Cruce Tectum

Cruce tectum, hidden under the cross, a blog for Epiphany Lutheran Church, Dorr, Michigan

Location: Moscow, Idaho

Wednesday, March 25, 2009

Lent Midweek 4

Lent Midweek 4[1]

March 25, 2009

Text: Matt. 27:27-31 (ESV): 27 Then the soldiers of the governor took Jesus into the governor's headquarters, and they gathered the whole battalion before him. 28 And they stripped him and put a scarlet robe on him, 29 and twisting together a crown of thorns, they put it on his head and put a reed in his right hand. And kneeling before him, they mocked him, saying, “Hail, King of the Jews!” 30 And they spit on him and took the reed and struck him on the head. 31 And when they had mocked him, they stripped him of the robe and put his own clothes on him and led him away to crucify him.

Jesus didn’t look like a King. The soldiers would have some fun with this One. He probably wasn’t the first to come before this battalion of Roman soldiers in Jerusalem claiming to be King of the Jews. The soldiers would teach this One a lesson. Stripping Him of His own clothes, they put a scarlet robe on Him, the color of royalty, the color of blood. Of course every King needs a crown. They twist together a crude crown of thorns to pierce His sacred head. They give Him a reed for a scepter. They bow down before Him and worship Him in mockery. They take His scepter from Him and beat Him on His head. “Hail, King of the Jews!” they cry. Little do they know that in their mockery, they confess the truth. Jesus is the King of the Jews. And the scarlet blood that pours from His sacred veins is more fitting a garment than any royal robe of scarlet or purple. Though they mock Him now with sham worship, the truth is that the day will come when, at the Name of Jesus, every knee will bow in heaven and on earth and under the earth, and every tongue confess that Jesus Christ is Lord to the glory of God the Father (Phil. 2:10-11). It will be a Day of great vindication for Jesus and His followers. It will be a dreaded Day of wrath for those who in this life rejected their King to the bitter end.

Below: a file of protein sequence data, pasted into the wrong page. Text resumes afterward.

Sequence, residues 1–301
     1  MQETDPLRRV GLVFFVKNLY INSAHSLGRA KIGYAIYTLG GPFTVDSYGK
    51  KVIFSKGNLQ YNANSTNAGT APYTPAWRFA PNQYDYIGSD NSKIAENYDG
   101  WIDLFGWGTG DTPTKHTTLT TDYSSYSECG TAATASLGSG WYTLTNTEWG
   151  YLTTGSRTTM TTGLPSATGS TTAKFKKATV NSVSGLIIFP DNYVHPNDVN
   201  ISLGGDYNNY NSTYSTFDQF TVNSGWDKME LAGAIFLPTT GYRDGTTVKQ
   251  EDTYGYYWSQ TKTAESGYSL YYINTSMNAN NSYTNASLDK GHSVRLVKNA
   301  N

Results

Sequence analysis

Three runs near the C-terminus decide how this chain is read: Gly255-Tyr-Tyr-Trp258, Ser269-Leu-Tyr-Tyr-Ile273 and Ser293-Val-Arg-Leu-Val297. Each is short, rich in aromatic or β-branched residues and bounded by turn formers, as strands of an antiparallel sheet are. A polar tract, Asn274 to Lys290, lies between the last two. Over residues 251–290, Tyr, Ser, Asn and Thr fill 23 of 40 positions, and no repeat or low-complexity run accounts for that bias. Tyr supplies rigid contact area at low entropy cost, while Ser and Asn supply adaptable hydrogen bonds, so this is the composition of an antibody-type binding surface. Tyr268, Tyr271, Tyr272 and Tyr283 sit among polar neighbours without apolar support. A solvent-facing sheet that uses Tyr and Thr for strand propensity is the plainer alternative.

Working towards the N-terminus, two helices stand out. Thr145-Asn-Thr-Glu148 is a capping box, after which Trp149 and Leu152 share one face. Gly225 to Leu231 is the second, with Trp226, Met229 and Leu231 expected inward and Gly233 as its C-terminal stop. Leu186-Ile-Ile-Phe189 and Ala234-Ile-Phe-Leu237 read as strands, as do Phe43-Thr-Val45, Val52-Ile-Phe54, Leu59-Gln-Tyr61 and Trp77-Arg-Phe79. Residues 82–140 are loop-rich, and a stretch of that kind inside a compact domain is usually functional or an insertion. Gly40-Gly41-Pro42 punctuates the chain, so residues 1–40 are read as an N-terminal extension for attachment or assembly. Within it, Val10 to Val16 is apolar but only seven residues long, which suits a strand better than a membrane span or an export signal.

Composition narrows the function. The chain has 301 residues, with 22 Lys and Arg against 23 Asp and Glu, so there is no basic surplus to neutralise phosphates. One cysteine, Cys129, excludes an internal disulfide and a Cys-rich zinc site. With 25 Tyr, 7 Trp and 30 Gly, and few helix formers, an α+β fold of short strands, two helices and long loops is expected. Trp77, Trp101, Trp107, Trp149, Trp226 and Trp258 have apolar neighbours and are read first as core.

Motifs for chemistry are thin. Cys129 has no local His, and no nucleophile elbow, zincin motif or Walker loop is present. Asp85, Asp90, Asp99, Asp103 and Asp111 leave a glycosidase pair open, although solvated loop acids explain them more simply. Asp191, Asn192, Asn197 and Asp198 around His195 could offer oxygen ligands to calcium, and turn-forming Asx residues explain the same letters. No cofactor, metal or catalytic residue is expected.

Jesus bears the wound of mockery for us and for our salvation. Isaiah prophesied it hundreds of years before: “I gave my back to those who strike, and my cheeks to those who pull out the beard; I hid not my face from disgrace and spitting” (Is. 50:6). Again, “he had no form or majesty that we should look at him, and no beauty that we should desire him. He was despised and rejected by men; a man of sorrows, and acquainted with grief; and as one from whom men hide their faces he was despised, and we esteemed him not’ (53:2-3). So also the Psalmist, King David, sang of our Lord: “All who see me mock me; they make mouths at me; they wag their heads; ‘He trusts in the LORD; let him deliver him; let him rescue him, for he delights in him!'” (Ps. 22:7-8). Our Lord Jesus bears this cruel mockery in silence. In one moment, in the twinkling of an eye, He could have annihilated the Roman soldiers and every sinner on the face of the earth. But He does not. Love compels Him to bear the injustice; love for the soldiers, love for you, love for me, love for every son and daughter of Adam and Eve.